BOSTON, JULY 1 -- In a game that had all the drama of a bowl of cold chowder, Roger Clemens pitched a six-hitter and the Boston Red Sox battered another Baltimore starter for a 6-2 victory tonight before 33,075 at Fenway Park.
So, coming off their worst single month in history, a 5-23 June, the Orioles started another with their 27th loss in 32 games and their sixth straight to the Red Sox.
At 31-47, they are 18 games out of first place and have finished a stretch of 26 games against the American League East by going 4-22.
Orioles Manager Cal Ripken Sr., possibly heartened by seeing his pitching staff hold an opponent to fewer than nine runs, almost seemed encouraged.
"I'm not ready to concede anything this year," he said. "I'm not to the point where I've given up on this year. We've just got to get some guys who'll give up less than four runs per game."
That didn't happen tonight. The Red Sox got five earned runs in 4 1/3 innings off Orioles starter Mike Griffin (0-2), and included in their 12 hits was rookie Todd Benzinger's first major league home run.
If Ripken was happy, others weren't.
"This is the worst major league pitching I've ever been around," Orioles third baseman Ray Knight said. "We're out there still trying, but it's tough when you're down, 4-0, every game."
Boston led by 1-0 after three innings and 4-0 after four, and after that the excitement was whether Clemens (7-6) would get his league-leading fourth shutout and the second zero-strikeout start of his career. His only previous no-strikeout start was last Oct. 1 when he was injured in the second inning against the Orioles.
The Orioles did break up the shutout with Terry Kennedy's bases-loaded single in the ninth, but no "K" signs went up. Clemens retired the first 10 Orioles and didn't allow a hit until Kennedy singled with two outs in the fifth. Larry Sheets followed with a double, but Clemens got Rick Burleson on a groundout to end the inning. He allowed only one more base runner until the ninth.
"He was in control all the way," Red Sox Manager John McNamara said. "He was around the strike zone all night, and he did pretty much what he wanted. We hit the ball well, and that helped him."
There is a controversy in New England over whether Clemens and his 7-6 record deserve to make the American League all-star team. It appears he won't, and that will cost him $300,000 in bonuses over the next two seasons.
Still, while he might not match last season's 24-4, he's among the league leaders in ERA, strikeouts, innings pitched and complete games. The Orioles say he wasn't 95-mph perfect, but he wasn't bad.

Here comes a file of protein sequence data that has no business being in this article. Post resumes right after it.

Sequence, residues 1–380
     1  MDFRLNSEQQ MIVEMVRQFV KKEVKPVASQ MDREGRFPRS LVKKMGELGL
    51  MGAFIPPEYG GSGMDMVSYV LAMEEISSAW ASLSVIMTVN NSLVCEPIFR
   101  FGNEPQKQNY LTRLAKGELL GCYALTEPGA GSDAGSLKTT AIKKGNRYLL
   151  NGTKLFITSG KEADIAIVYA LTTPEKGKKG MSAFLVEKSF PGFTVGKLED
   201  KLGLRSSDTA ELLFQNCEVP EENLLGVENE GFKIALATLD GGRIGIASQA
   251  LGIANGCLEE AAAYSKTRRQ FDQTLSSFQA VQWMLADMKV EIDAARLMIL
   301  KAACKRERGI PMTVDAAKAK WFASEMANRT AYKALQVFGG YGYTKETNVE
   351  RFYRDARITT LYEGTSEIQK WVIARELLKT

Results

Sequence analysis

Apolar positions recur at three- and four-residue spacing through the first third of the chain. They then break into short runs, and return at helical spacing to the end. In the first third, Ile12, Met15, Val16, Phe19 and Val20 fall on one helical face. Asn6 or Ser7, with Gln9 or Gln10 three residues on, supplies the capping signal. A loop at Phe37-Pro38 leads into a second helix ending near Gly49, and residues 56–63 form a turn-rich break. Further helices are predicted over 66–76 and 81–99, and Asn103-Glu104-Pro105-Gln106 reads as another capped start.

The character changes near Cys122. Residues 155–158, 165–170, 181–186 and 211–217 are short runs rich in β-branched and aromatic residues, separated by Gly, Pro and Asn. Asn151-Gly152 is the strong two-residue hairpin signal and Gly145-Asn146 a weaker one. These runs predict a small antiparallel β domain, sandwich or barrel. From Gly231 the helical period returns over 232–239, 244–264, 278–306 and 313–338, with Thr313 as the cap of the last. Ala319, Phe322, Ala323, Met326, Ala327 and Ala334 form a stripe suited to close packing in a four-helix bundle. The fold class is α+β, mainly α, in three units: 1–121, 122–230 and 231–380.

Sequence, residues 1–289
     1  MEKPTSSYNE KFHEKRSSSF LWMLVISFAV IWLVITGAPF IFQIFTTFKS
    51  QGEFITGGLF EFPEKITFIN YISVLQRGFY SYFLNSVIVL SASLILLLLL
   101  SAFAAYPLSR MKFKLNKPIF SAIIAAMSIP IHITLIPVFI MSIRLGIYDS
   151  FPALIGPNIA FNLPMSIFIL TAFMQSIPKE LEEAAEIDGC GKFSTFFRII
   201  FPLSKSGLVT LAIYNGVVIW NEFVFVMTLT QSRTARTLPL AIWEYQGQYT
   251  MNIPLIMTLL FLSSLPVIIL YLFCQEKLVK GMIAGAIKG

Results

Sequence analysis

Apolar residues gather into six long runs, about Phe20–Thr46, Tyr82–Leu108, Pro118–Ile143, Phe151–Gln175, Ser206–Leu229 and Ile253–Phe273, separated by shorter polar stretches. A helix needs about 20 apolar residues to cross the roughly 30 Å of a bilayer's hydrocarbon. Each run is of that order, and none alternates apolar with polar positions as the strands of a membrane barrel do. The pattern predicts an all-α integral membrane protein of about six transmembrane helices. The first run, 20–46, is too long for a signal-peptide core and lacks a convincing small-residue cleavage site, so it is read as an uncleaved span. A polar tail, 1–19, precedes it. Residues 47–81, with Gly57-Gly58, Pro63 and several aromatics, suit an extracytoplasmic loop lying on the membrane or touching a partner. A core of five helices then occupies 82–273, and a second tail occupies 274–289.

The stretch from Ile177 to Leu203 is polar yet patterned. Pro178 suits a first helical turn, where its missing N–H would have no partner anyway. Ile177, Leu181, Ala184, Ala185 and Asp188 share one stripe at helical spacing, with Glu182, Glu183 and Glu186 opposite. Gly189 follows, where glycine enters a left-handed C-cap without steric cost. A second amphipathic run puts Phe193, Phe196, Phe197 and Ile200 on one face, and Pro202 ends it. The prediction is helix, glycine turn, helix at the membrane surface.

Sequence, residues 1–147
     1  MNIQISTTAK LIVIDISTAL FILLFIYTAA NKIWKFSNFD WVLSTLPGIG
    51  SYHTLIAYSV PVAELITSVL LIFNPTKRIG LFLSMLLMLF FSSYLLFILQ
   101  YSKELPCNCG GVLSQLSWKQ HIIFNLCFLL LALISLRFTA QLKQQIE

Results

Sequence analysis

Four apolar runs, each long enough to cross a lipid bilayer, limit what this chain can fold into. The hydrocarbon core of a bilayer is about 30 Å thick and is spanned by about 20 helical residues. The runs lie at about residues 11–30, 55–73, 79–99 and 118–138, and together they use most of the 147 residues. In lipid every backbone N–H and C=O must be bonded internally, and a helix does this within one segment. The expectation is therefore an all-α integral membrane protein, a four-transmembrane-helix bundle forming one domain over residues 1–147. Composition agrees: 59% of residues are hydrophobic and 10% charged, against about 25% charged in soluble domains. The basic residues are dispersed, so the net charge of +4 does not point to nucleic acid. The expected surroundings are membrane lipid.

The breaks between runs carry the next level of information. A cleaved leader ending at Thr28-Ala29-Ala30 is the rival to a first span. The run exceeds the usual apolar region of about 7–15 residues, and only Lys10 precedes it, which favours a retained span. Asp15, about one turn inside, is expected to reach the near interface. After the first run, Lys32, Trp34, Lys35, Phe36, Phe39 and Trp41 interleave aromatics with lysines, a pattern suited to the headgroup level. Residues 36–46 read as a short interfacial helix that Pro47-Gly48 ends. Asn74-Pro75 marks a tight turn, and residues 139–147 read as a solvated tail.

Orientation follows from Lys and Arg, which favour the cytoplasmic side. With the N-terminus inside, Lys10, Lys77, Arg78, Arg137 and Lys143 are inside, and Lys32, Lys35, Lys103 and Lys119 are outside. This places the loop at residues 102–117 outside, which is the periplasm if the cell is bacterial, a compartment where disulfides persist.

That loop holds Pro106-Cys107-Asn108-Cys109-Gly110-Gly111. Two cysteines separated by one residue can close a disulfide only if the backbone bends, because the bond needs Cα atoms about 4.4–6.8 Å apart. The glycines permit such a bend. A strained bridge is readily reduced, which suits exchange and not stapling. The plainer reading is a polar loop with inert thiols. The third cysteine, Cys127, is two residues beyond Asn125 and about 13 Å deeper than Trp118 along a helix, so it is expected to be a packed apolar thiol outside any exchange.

"He rates way up there," Kennedy said. "He really pitched when he had to. After it was 4-0, he could have just fired fastballs, but he kept pitching. He mixed in some sliders and breaking pitches and didn't give in."
The moral victory for the Orioles was that Boston third baseman Wade Boggs didn't get any of the 12 Red Sox hits. Four Orioles pitchers held him hitless in five plate appearances, although he did reach base on pitcher Tom Niedenfuer's fielding error in the eighth. Boggs is still hitting a league-leading .384.
As for the rest of the game, it looked a lot like the others in this six-game trip in which the Orioles have lost five and allowed 52 earned runs in 52 innings.
Griffin, making his second start, had an easy first inning but was in trouble pretty much the rest of the game. He left runners on first and third in the second inning, but gave up a run in the third, three in the fourth and another in the fifth before leaving.
In the third, Benzinger doubled off the Green Monster with one out and scored on Don Baylor's single to left. It went to 4-0 in the fourth. That inning began with a single by Bill Buckner. He went to second on Spike Owen's sacrifice bunt and scored on Rich Gedman's single to center. Gedman went to second on Marty Barrett's infield grounder. Benzinger then hit his first major league homer into the right-field bleachers for a 4-0 lead.
The Red Sox got a fifth run on Baylor's sacrifice fly and their sixth on an infield single by Dwight Evans in the sixth.
After Griffin, Ripken used Doug Corbett for 1 2/3 innings and Tony Arnold and Niedenfuer for an inning apiece.
Clemens, meanwhile, was in control until the ninth, when the Orioles loaded the bases on a single by Lee Lacy, a walk to Eddie Murray and a single by Knight. Kennedy singled to right for two runs, but Clemens got Sheets on a fly to left to end it.
Reliever Don Aase had an arthrogram performed on his injured right shoulder today at the University of Massachusetts Medical Center, and his doctors will decide Friday what type of treatment or surgery is required. The Orioles don't expect him to pitch again this season . . . The Orioles haven't won back-to-back games since May 27-28 . . . Ripken said he'll meet with Scott McGregor in the next couple of days "to get his thoughts on where he's at right now. I want to know his state of mind." Ripken said he intends to tell McGregor he "can't keep sending him out there" with the current results. McGregor has allowed seven earned runs in his last two innings of work, and although they won't say it, the Orioles apparently would like him to accept a demotion to the minors to try to work out his problems . . .
Orioles starters were 4-14 with a 5.35 ERA in June. Sheets led the club with 18 RBI and Kennedy led with seven homers. Alan Wiggins hit .186 with no RBI . . . The Orioles fly to Minneapolis Thursday morning and play the Twins in a weekend series in the Metrodome.